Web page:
Camden and Big Data in the Big Apple
• According to news reports, New Jersey governor Chris Christie is on the verge of announcing that the state will take over the deeply troubled Camden school district. During my tenure with the NJDOE, though the state controlled aspects of three other districts, Camden was always at or near the front of our minds. The condition of the city, especially the state of its schools, is as tragic as I’ve seen. Decades of nationwide experience demonstrate that state takeovers of districts are beset by a long list of challenges—educational, financial, political, and organizational. But if there’s any Governor bold enough to push through the obstacles, it’s Chris Christie. And if there’s any state chief with the brain, heart, and backbone to make it work, it’s my old boss, Chris Cerf. There are tough days, weeks, and months ahead, I’m sure, but I’m confident that this is in the best interest of Camden’s long underserved boys and girls..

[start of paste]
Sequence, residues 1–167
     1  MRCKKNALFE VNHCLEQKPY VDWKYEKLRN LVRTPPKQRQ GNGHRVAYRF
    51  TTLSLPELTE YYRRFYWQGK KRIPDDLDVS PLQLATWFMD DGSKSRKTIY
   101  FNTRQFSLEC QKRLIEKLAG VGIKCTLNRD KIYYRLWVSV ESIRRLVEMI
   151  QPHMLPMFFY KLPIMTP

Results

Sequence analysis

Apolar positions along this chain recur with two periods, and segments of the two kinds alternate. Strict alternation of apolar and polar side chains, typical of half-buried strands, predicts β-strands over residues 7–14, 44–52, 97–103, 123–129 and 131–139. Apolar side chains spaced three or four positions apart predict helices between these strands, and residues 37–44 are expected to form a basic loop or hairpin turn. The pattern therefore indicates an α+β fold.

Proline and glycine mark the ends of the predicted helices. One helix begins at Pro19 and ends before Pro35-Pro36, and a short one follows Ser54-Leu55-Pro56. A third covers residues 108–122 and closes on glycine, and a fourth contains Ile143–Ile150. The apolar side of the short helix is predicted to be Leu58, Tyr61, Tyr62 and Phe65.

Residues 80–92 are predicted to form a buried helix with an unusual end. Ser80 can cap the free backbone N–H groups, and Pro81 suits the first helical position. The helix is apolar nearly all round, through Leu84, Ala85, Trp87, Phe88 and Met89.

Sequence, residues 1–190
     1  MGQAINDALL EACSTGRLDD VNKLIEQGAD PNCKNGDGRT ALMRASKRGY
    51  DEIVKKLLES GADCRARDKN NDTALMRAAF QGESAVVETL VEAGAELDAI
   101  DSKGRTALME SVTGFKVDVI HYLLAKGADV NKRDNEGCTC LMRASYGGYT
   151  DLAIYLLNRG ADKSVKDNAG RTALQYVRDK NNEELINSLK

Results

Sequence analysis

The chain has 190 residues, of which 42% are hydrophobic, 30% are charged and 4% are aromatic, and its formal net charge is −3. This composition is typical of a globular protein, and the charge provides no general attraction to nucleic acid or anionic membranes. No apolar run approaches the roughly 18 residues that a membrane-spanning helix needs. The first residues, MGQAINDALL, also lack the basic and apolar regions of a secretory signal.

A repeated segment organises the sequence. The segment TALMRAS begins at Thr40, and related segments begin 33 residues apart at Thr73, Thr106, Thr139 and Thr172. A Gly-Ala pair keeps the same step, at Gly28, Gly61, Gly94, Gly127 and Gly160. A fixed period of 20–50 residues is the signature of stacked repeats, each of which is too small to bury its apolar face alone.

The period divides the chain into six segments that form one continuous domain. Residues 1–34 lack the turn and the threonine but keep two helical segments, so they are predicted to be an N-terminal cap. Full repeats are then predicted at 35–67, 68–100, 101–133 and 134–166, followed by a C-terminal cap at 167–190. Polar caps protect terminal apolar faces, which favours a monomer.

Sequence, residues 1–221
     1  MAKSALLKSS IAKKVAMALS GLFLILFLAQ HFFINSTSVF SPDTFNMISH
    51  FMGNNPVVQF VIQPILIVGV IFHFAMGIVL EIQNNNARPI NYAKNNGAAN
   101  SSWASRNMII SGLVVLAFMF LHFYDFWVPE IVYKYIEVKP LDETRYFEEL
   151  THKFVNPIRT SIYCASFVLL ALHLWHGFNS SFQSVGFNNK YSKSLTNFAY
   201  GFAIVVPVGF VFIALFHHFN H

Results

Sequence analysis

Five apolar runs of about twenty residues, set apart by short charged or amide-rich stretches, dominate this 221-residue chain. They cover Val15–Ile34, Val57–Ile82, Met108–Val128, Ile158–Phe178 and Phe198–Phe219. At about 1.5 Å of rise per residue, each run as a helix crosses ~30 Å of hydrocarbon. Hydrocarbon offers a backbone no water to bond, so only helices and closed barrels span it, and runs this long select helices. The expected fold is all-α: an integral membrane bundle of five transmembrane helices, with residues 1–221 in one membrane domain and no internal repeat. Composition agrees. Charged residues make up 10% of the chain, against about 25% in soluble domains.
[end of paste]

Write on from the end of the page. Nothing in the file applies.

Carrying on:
• If you like data—especially if you’re in the “data-driven-decision-making-can-solve-everything!” camp—this story from the NYT Metropolitan section is definitely worth a read. Actually, if you’re worried about the pronounced use of data in education—especially if you’re in the “we’re-turning-our-kids-into-widgets!” camp—you probably want to read it, too. The first few paragraphs about identifying oil-dumping scofflaws pretty much summarize the piece: If we collect enough data and analyze it the right way, heavens, the problems we can solve. Lots of people nowadays talk about using interim assessment data to improve instruction, change class schedules, and so on. This article, though, makes me wonder if that’s just the tiniest sliver of what’s possible.
Could we identify the ideal address for that new charter’s building? Could we accurately predict state legislators’ voting behavior on tenure reform proposals? Could we identify the 100 conditions likeliest to prepare third graders for success on AP exams 10 years later?
Implicit in all of these questions is the “should” element. Just because we might be able to do something doesn’t mean we ought to. This brand of worry, however, barely registers in the article. And it might barely register among edu-technocrats. But as you know, I hand-wring about such things.
This blog entry first appeared on the Fordham Institute’s Flypaper blog.
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